The early '70s provide hints of what to expect from a post-Roe America
In a 6-3 decision on Friday, the U.S. Supreme Court overturned the landmark Roe v. Wade decision that had secured the federal right to obtain an abortion for the last 50 years — paving the way for a patchwork of state laws on reproductive rights.
Even before the decision leaked this spring, economists have looked to a narrow window of time in the early 1970s for hints about what America might look like with the decision now overturned.
That closely watched window began in 1970 when five states — Alaska, California, Hawaii, New York, and Washington — stepped to the front of that era’s debate and legalized elective abortion.
The Supreme Court extended those rights across the country just three years later with the Roe v. Wade decision, which found the Constitution's guarantee of privacy protects the right to an abortion.
Since then, economists have been keenly focused on that three-year window because abortion was legal in some places but not in others — the exact scenario that experts are expecting in the months and years ahead. Economists say 1970-1972 is especially illuminating because, according to Middlebury College economist Caitlin Myers, it’s “a very narrow window when abortion is legal in some places and not others and interstate travel matters.”
The years 1970-1972 “afforded social scientists a quite nice, what we call, natural experiment,” Myers added in a recent interview before Friday's decision was handed down.
Myers spearheaded an amicus brief filed in the Supreme Court last year arguing that the legalization of abortion had dramatic effects on the ages when women became mothers, the level of education they attained, and their participation in the labor force.
While many focus on the moral arguments around abortion, Myers and some of her colleagues have long studied the economic implications. Myers says the evidence is overwhelming that having at least some access to abortion from 1970 to 1972 began to help women’s economic lives — a trend that increased in 1973 and beyond.
Twenty-two states currently have laws on the books that will likely restrict the legal status of abortion for their residents, according to the Guttmacher Institute, a source for research and policy analysis on abortion in the U.S. Sixteen states and the District of Columbia have specific laws on the books protecting abortion rights.
‘Increased the labor force participation rates of females’
The brief organized by Myers of 154 economists and researchers, delivered to the Supreme Court in 2021, summarizes scores of studies around how abortion access shapes women's lives.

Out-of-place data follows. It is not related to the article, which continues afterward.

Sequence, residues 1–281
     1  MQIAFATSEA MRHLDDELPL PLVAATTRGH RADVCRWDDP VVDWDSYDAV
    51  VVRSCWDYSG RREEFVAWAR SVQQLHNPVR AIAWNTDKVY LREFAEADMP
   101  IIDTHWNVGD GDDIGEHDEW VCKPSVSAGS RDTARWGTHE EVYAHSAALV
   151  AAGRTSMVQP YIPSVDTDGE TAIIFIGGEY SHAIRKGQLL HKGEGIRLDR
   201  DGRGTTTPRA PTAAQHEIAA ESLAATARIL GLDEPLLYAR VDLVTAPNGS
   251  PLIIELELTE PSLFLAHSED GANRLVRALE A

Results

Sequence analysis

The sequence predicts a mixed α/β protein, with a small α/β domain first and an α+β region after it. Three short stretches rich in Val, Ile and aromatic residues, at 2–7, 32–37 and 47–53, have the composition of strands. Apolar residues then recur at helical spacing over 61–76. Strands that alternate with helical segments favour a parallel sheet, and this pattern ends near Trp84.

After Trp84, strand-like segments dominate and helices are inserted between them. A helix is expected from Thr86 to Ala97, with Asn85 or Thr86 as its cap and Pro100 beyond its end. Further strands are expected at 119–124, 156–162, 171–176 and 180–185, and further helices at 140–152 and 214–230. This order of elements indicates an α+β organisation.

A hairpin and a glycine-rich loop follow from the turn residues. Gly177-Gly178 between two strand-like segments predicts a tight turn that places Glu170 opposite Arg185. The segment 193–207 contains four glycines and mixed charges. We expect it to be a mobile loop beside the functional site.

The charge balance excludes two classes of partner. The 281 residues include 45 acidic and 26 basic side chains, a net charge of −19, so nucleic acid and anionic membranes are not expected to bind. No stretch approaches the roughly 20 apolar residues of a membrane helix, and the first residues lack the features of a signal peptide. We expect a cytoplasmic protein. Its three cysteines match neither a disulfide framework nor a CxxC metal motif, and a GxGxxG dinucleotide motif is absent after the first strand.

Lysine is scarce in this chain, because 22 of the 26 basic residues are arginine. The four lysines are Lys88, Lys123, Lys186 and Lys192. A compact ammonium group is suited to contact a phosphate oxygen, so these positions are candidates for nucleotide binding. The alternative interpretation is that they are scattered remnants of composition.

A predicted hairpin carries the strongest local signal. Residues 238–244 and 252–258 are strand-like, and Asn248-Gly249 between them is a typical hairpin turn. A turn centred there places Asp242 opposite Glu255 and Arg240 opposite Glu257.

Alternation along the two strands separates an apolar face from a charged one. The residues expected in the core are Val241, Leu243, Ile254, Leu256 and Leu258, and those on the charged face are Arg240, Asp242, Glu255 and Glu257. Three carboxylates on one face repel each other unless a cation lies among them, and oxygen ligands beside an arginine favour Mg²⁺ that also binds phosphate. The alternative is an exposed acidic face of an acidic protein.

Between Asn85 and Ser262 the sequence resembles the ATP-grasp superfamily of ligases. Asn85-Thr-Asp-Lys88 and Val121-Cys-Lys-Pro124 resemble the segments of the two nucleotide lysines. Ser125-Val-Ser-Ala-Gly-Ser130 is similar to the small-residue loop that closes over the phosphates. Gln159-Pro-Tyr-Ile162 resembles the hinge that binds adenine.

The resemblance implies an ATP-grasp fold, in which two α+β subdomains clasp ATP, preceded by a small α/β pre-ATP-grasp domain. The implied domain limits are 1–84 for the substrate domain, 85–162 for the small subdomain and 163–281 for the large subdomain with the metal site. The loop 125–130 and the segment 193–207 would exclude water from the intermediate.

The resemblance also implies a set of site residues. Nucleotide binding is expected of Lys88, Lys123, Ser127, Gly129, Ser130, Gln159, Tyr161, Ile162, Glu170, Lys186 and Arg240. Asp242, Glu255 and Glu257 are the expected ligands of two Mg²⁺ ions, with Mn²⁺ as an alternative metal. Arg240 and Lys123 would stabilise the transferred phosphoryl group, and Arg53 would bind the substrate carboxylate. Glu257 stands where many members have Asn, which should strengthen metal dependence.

The document also returns again and again to research on that 1970-72 window for a look at the period of transition from when abortion was not legal to when it was available nationwide after 1973.
The research has found that the legalization of abortion in 1970 led to birth rates dropping by about 5% in certain states relative to the rest of the country.
And the effects on women’s economic lives were measurable.
One study conducted by David E. Kalist using population surveys found that abortion laws in force from 1969-1972 “increased the labor force participation rates of females, especially of single Black women.”
Another study published in the National Bureau of Economic research found the effects of state abortion reforms in 1970 were noticeable, again especially on Black women, and “appear to have led to increased schooling and employment rates.”
‘We have a really good idea of how women will respond’
The situation in the months ahead could be very similar — but with women giving back some of the economic gains of recent decades — with only around half of U.S. states expected to keep abortion legal .
“We have a really good idea of how women will respond to the resulting changes," Myers says, “and our best prediction based on ample evidence on the effects of travel distance, is that about three quarters of the women who want abortions will still find a way to get out of the states that ban.”
But that leaves about a quarter of women in those states who, because of distance and cost, likely won’t be able to travel and get the abortion. The resulting lack of choice about when and how to have a child is expected to set many of those women back economically, leading to what Myers terms a likely “shock to poverty” in the months and years ahead.
Myers and others say the effects of a potential decision will be measurable but not necessarily a macroeconomic shock as the Supreme Court is allowing individual states to keep abortion legal. But, she warns, “My answer would be really different if we were talking about a national ban.”
This post, originally published on June 21, has been updated to reflect Friday's Supreme decision.
Ben Werschkul is a writer and producer for Yahoo Finance in Washington, DC.
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